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buspar Speaking at BYU Family History Technology Workshop | ThinkGenealogy

Speaking at BYU Family History Technology Workshop

Monday, 10 Mar 2008 | by Mark Tucker

This week I will be taking vacation days from work so that I can attend both the 2008 Family History Technology Workshop as well as the Computerized Family History and Genealogy Conference in Provo, Utah.  I will be speaking at the technology workshop and have 20 minutes to discuss my topic: 10 Things Genealogy Software Should Do. 

Here is the abstract from my paper:

Innovation in genealogy software starts with ideas that lead to better design. This paper discusses 10 things that genealogy software should do but currently doesn’t. It is a starting point for discussion among those in the genealogy community: family historians, software developers, and designers. It is a springboard for additional design ideas.

With only 20 minutes, it will be both fast and fun.  If you will be attending either the workshop or the conference, it would be great to meet you.

Check out the schedule for other topics that will be discussed.


  1. Mark,
    Looks like an interesting presentation. Reminded me of a blog post from a couple of years ago (http://eatslikeahuman.blogspot.com/2006_03_01_archive.html). Wouldn’t surprise me if there were some common themes between your presentation and this posting. Genealogy software hasn’t evolved nearly fast enough. I’m excited to hear your presentation.

    Comment by Dan Lawyer — 10 Mar 2008 @ 4:09 pm

  2. [...] March 13, 2008 I presented at the 2008 BYU Family History Technology Workshop and my topic was: 10 Things Genealogy Software [...]

    Pingback by 10 Things Genealogy Software Should Do | ThinkGenealogy — 6 Apr 2008 @ 6:30 pm

  3. For those of us who weren’t there. . .Will you make a transcript of your presentation available? I’m currently redesigning my family website, and I’m seriously frustrated at how many programs are required and how little my genealogy programs can actually do for me. They seem to be focused on the genealogist, rather than the ability to share info with people who don’t really care about genealogy, but think it’s cool to see G-Grampa at 20 or hear about a new branch of the family in a far-off place. I’m interested to see what your vision of genealogy software is and if you think you’ll see any of it in your lifetime. :)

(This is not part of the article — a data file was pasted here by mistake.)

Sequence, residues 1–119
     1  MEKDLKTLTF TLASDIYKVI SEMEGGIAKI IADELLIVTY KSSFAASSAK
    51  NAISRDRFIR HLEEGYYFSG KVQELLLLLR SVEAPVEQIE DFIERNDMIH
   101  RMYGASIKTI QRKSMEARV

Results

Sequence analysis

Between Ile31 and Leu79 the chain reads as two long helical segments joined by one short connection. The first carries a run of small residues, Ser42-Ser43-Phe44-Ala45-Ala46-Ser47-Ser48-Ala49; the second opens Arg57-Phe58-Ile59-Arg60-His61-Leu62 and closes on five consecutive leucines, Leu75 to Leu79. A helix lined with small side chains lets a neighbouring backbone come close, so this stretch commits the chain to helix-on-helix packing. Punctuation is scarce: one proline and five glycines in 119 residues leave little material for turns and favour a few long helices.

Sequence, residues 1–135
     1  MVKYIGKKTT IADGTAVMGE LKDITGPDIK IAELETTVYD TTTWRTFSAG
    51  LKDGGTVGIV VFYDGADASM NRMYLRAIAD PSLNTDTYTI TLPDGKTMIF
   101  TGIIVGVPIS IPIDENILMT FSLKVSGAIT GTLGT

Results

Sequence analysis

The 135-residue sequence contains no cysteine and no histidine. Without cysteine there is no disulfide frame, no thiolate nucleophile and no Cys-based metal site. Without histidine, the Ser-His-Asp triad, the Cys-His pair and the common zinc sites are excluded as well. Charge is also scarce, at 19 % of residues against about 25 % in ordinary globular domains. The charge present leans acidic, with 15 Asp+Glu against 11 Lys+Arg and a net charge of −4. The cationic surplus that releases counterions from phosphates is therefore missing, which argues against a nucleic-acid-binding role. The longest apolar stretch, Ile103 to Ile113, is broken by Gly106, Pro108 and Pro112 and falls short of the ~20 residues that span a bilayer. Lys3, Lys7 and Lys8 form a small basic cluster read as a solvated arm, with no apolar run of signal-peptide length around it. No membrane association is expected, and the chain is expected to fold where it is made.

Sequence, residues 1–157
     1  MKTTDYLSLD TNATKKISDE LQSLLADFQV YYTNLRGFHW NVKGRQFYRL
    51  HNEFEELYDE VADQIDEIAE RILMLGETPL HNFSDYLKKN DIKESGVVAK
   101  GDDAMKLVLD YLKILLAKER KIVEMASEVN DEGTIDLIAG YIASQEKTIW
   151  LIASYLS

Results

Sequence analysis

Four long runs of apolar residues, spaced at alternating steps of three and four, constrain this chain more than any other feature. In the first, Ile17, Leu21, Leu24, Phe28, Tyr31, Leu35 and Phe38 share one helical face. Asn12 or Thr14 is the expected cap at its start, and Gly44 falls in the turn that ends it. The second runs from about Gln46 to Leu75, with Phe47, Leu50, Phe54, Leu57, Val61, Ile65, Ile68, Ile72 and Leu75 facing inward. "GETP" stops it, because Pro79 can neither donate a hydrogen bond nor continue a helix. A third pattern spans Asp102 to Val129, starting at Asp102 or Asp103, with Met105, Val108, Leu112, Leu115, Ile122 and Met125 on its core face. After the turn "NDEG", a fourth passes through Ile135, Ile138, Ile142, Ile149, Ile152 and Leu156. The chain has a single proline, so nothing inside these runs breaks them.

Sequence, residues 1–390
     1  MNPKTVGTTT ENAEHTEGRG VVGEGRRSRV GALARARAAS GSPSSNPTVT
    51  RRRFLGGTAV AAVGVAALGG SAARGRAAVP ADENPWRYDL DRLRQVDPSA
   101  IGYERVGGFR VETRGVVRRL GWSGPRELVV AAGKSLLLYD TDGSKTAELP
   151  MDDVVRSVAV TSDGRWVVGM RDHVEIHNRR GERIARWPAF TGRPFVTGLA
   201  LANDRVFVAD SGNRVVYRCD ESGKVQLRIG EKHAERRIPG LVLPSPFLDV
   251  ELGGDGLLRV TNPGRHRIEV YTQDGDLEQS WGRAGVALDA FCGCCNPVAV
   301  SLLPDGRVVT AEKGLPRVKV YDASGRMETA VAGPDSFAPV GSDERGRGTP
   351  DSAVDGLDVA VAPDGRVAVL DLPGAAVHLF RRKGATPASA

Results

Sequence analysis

Comment by J. — 28 Apr 2008 @ 8:59 am

  4. J.

    You can find a copy of my PowerPoint slides, paper, and even a video with my narration of the slides at: http://www.thinkgenealogy.com/2008/04/06/10-things-genealogy-software-should-do/

    It may be more genealogist focused but I am always interested in hearing about what tools you are using, what is making you frustrated, and how things might be simplfied.

    You can add these comments to: http://www.thinkgenealogy.com/2008/01/08/what-do-you-wish-genealogy-software-did/

    I think today’s genealogy software is good, but that it can be even better. There are many scenarios (similar to yours) that are not currently being addressed. The field is ripe for more software developers and designers to take those scenarios and make a living solving those problems. I’m optimistic that will happen.

    Take care,


    Comment by Mark Tucker — 28 Apr 2008 @ 9:33 am

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